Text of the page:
Ever since the Retail Distribution Review was announced in 2006, JPMorgan Asset Management has made it a policy to deliver insight and practical guidance to support intermediaries through this time of massive commercial and regulatory change. We hope all this has been useful – but believe me it isn’t pure altruism. We are all too aware that helping you survive and thrive is critical to our business. Intermediaries account for around XX% of our gross sales in the UK – your long-term success is as critical to us as it is to you!
But it’s crunch time now. With less than a year before the RDR deadlines, firms need to be in the home straight and clear on their strategy in all the areas above. And today I want to briefly outline some research we have been conducting in association with Citywire focusing on the last point – determining your client proposition. Or more logically perhaps – what is it that clients or potential clients want from you and are willing to pay to receive? This is going to be the subject of our next white paper to be released in the spring. So this is just a quick taster of what we’ve been finding out.
So to explain, over November 2011 with the assistance of Citywire, we surveyed existing advice users. These were people who had told Citywire they accessed financial products via intermediaries. We asked them about their relationship with their adviser, what they use them for, what they value most about their advisory relationship and – really what IS it that keeps that relationship alive. In short we want to start to learn what is it that makes for a great client relationship and therefore what is it that IFAs need to start marketing to new and potential customers? Starting with a field of 324 potential respondents, we received responses from 86 advice users – a great response rate.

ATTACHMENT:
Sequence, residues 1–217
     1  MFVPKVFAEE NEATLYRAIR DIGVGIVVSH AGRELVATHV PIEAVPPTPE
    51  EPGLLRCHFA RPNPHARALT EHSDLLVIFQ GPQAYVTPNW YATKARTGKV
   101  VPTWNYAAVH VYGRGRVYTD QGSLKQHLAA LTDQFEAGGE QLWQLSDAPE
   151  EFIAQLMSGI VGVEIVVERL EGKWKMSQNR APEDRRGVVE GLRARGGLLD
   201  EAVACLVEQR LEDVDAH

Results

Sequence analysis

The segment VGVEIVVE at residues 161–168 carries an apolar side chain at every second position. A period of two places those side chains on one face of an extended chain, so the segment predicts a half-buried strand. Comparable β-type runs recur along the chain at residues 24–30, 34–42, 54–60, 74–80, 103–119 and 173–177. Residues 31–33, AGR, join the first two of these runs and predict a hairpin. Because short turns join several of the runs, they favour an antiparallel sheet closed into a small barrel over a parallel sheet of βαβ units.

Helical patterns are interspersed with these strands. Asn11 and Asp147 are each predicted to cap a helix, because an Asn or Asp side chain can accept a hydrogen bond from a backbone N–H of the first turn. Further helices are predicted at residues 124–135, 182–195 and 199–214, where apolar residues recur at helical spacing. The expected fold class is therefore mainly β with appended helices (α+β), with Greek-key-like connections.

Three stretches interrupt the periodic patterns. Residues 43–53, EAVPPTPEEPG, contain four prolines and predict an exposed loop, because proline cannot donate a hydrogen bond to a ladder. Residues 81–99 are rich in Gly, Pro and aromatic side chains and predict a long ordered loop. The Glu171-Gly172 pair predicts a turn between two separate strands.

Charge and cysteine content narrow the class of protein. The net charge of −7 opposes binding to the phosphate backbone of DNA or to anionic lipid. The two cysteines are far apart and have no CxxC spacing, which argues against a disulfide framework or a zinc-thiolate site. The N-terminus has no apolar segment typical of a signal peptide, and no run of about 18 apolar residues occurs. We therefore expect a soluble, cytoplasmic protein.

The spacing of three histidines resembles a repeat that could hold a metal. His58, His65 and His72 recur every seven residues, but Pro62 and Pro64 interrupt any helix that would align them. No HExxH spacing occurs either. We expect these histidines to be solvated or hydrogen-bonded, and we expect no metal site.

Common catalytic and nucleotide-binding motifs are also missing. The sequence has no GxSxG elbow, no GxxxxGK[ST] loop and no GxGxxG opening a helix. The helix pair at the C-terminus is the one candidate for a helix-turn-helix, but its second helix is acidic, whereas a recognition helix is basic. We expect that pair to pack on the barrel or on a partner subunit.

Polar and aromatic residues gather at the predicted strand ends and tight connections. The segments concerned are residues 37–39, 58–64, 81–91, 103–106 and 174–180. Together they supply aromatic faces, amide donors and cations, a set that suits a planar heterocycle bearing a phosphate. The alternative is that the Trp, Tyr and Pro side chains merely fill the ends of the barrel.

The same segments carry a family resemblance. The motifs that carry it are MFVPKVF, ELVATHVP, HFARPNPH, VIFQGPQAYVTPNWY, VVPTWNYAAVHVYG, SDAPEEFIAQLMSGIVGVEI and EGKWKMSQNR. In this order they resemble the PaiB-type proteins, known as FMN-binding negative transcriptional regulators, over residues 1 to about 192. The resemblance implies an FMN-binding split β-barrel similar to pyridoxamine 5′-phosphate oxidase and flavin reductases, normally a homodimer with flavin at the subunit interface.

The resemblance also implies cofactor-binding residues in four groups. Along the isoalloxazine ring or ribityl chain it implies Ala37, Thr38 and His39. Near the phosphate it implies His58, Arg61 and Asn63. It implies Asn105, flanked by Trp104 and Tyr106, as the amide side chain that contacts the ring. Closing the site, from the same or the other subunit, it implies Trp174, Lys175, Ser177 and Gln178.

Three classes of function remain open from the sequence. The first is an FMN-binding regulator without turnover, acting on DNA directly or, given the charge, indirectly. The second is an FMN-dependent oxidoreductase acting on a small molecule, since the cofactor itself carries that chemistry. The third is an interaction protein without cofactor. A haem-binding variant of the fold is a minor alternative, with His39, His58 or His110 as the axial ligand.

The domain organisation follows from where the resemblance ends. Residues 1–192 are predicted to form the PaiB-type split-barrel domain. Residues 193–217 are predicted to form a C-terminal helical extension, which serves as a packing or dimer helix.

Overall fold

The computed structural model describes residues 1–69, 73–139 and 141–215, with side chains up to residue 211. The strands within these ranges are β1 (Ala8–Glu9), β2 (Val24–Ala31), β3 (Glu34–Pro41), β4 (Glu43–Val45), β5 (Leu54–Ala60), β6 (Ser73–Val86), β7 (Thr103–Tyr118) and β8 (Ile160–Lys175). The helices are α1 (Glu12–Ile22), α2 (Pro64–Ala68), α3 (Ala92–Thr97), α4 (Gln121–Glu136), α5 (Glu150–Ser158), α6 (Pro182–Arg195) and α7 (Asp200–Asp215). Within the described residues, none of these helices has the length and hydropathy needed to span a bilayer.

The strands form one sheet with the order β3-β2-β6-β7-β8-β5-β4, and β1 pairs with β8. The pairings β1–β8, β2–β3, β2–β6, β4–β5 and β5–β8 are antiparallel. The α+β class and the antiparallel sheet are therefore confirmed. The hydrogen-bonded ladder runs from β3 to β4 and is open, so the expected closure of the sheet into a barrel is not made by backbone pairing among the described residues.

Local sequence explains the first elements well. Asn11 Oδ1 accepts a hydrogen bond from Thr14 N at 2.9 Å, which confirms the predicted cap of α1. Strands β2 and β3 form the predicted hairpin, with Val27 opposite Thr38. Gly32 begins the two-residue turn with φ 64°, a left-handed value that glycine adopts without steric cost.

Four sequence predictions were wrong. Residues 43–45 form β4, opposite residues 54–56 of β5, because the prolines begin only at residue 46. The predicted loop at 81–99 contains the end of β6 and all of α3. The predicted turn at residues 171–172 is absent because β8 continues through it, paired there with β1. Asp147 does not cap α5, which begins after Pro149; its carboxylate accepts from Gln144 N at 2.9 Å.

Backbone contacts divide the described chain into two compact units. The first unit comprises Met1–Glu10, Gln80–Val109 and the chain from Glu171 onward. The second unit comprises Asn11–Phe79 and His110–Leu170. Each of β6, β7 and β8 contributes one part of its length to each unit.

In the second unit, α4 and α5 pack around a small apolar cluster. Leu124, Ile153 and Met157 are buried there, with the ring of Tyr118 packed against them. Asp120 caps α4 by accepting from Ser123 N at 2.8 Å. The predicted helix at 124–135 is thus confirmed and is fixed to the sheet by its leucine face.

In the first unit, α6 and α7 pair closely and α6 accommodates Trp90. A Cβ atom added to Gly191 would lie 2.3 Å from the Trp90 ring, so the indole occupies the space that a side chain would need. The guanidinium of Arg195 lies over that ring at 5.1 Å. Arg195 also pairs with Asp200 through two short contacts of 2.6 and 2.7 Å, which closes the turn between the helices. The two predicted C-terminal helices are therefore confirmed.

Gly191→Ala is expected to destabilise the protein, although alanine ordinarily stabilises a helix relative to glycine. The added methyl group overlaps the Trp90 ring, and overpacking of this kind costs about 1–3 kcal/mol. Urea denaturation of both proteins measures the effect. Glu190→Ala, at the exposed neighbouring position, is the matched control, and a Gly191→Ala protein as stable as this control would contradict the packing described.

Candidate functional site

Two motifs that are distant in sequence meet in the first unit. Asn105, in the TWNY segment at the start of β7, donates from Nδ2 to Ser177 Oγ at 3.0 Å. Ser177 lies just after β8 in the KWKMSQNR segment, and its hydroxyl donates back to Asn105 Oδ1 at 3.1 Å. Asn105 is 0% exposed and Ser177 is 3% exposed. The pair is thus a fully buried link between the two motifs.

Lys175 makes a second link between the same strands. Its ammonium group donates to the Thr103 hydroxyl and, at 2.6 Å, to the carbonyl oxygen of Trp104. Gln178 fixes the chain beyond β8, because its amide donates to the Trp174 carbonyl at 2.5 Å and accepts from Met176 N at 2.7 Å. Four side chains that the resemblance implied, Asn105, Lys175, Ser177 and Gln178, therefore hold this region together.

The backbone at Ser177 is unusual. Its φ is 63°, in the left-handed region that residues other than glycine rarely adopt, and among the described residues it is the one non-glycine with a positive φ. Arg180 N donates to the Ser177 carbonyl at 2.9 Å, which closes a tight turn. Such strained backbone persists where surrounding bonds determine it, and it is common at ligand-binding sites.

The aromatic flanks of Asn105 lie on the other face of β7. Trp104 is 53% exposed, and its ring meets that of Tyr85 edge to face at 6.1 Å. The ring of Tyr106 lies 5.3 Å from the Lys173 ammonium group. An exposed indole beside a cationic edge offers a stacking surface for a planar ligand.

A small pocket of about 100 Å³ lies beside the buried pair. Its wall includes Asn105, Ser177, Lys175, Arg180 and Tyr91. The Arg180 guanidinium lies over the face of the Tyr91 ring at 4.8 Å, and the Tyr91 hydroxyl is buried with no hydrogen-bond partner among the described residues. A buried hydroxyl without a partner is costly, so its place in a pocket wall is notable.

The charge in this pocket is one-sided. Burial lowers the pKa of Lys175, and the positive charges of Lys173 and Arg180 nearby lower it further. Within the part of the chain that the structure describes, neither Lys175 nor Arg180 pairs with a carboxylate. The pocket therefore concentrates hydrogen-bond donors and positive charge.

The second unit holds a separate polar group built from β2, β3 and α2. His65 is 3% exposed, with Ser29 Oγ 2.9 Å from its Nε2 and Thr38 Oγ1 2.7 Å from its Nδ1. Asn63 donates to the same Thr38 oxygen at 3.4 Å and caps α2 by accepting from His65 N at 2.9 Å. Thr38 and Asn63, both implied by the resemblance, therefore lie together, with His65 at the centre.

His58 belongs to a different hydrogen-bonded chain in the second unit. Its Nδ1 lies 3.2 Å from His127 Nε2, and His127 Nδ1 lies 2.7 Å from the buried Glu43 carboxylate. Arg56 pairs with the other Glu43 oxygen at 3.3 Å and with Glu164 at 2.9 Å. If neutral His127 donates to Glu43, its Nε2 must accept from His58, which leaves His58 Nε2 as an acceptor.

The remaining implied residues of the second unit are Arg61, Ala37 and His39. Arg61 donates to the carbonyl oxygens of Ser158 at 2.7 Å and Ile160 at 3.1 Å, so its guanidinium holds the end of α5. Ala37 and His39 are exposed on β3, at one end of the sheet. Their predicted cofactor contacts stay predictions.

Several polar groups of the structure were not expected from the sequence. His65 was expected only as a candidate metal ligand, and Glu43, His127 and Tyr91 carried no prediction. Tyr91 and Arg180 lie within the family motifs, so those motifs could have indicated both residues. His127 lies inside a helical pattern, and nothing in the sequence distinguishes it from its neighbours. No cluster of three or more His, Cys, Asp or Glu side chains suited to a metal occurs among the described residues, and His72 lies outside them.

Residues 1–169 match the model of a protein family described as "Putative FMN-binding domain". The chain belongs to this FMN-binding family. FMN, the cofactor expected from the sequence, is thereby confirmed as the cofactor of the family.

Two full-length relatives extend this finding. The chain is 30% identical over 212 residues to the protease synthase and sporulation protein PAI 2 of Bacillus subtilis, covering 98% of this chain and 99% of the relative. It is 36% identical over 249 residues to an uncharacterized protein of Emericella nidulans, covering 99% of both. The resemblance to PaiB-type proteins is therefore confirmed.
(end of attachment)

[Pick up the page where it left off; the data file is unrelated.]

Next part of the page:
How this slide may not seem to hold many surprises – we know that advice-users tend to be older and close to retirement. But still – take a look at that leap between age 25 and the mid-thirties crowd -there’s a six-fold increase in advice usage and that doubles again over the next generation. We think the early 30s is a powerful market to be tapping into – even though 30-somethings now are going to be less cash-rich than their predecessors given university costs, house prices and reduced pension provision. The graph on the right also shows some really good news. Just look at the longevity of these client relationships!! From the sample we looked at the average client relationship has been 10 years – Now really doesn’t tally with the stories of low client persistence – or at least low product persistence we have been hearing about for so long. The message is clear – when a client finds an adviser they like and trust, they STICK with them.
Okay – so our first questions wanted to find out what consumers really understand by independence – or what lack of restriction in an adviser REALLY matters to them. The RDR has stipulated that – to be independent – intermediaries must be able to advise on every retail investment product on the market. But our research shows that consumers are happy with a far more pragmatic approach. They DON’T expect advisers to know about every single product there is – BUT – and it’s a big BUT – of the products they can advise on, consumers do expect that advice to embrace a broad range of product providers. THAT is what independence means to the consumer – unrestricted in terms of product provider, not necessarily unrestricted in product type.